READ: What does Free Trade mean? | Investopedia
Globalization: Lower-priced goods, but fewer jobs
It’s easy for some to forget that free trade and globalization are two different things. Free trade relates to the removal of tariffs, or at least the standardization of low tariff rates between member nations of the same trading bloc, while globalization refers to a highly interconnected political and economic world of which trade of any kind, whether free or not, is merely part of a large picture.
Those who feel left behind by globalization (and there are millions) tend to blame free trade, when in fact it was free trade that created a booming global economy from 1982 through 2007 (and a somewhat less booming economy) from 2012 through 2016.
Led by global elites, the rush to create high growth and high GDP meant that quality of life fell steeply for millions of Westerners for the first time since WWII due to the offshoring of Western jobs to countries with lower labour costs and non-existent environmental regulations.
READ: You Can’t Feed a Family With G.D.P. | New York Times
It’s Not All Bad
Westerners have enjoyed unprecedented low-cost, quality goods manufactured in other countries.
Two examples of this are; 1) the Apple iPhone, which, if manufactured in the United States would have cost $2800. each, instead of the typical $650.-$950. price range. The iPhone wouldn’t have ever seen production if it hadn’t been manufactured in Asia. Over one billion have been sold since the first iPhone hit the market. And; 2) almost every computer chip in the world was manufactured in Taiwan, an industrious country with a very diligent workforce, but few natural resources. Computer chips have cost an average of $40. since Taiwan’s entry into the semi-conductor business, but if manufactured in the United States those chips would’ve cost hundreds of dollars each.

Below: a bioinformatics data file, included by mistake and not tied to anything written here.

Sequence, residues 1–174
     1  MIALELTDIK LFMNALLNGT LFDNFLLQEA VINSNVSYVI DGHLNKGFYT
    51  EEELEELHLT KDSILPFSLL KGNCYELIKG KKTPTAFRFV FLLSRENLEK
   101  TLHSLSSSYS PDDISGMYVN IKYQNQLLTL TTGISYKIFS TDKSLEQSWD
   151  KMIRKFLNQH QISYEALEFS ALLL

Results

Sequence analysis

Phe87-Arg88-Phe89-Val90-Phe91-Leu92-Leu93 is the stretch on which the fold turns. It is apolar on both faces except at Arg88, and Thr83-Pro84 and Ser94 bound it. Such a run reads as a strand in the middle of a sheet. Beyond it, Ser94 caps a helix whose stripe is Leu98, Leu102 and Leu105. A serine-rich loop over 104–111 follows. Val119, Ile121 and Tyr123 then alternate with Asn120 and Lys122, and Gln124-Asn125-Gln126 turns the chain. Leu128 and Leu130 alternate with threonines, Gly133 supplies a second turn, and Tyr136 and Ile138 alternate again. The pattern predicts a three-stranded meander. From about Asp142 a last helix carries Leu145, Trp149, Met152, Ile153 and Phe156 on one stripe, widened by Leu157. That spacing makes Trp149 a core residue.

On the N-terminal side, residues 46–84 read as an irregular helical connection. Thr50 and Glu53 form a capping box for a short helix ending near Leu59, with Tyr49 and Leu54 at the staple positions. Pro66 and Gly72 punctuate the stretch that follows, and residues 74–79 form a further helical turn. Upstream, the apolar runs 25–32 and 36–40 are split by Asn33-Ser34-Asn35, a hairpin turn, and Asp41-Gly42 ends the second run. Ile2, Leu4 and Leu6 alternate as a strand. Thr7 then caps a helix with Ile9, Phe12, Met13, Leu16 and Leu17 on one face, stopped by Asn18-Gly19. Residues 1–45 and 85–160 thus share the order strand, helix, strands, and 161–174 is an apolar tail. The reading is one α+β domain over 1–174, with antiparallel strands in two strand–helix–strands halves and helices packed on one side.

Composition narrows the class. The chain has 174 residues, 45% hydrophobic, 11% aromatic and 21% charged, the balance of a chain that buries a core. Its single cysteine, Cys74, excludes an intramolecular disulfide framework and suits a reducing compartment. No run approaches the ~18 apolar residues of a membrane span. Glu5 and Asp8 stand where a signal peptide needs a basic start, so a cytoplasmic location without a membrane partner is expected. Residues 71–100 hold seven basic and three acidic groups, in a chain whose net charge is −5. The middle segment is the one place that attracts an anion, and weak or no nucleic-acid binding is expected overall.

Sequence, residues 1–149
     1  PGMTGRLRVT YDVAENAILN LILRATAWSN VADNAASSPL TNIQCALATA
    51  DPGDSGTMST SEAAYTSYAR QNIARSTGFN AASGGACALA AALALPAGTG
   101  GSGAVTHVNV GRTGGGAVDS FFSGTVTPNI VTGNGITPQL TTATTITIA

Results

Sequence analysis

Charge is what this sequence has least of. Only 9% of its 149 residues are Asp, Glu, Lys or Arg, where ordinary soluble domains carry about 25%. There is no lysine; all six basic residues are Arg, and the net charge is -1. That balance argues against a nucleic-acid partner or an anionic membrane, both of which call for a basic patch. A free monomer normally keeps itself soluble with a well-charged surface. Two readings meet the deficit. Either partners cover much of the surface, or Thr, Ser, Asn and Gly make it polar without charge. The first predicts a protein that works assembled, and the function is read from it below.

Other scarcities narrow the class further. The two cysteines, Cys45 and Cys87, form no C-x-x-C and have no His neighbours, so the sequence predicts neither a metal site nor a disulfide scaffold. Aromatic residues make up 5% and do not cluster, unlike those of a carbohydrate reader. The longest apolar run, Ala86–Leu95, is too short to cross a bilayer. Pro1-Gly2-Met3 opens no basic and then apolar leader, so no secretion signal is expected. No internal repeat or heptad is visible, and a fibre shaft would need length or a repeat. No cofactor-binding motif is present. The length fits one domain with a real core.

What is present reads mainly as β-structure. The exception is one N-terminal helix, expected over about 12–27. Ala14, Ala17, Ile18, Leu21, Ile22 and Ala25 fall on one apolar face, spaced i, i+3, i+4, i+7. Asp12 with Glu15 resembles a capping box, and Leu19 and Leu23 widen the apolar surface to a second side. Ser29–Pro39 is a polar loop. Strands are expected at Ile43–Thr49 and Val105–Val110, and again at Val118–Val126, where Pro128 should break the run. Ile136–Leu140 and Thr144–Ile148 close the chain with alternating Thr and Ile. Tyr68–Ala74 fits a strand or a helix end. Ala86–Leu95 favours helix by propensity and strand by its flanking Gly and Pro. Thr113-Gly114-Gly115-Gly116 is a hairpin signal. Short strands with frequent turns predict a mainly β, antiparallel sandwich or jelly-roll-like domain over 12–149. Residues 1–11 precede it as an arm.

While low-cost goods are welcome in the West, people in the bottom quintiles now wish for a return to high paying employment and would gladly forego low-priced goods.
Which is exactly what the election of Donald Trump is all about. ‘Cheap goods are great, but we’d rather have jobs!’ — seems to be the main message there.
It’s difficult to blame those who harbour such resentments when 3/5ths of the population are doing less well, while only 2/5ths feel they have progressed in recent years.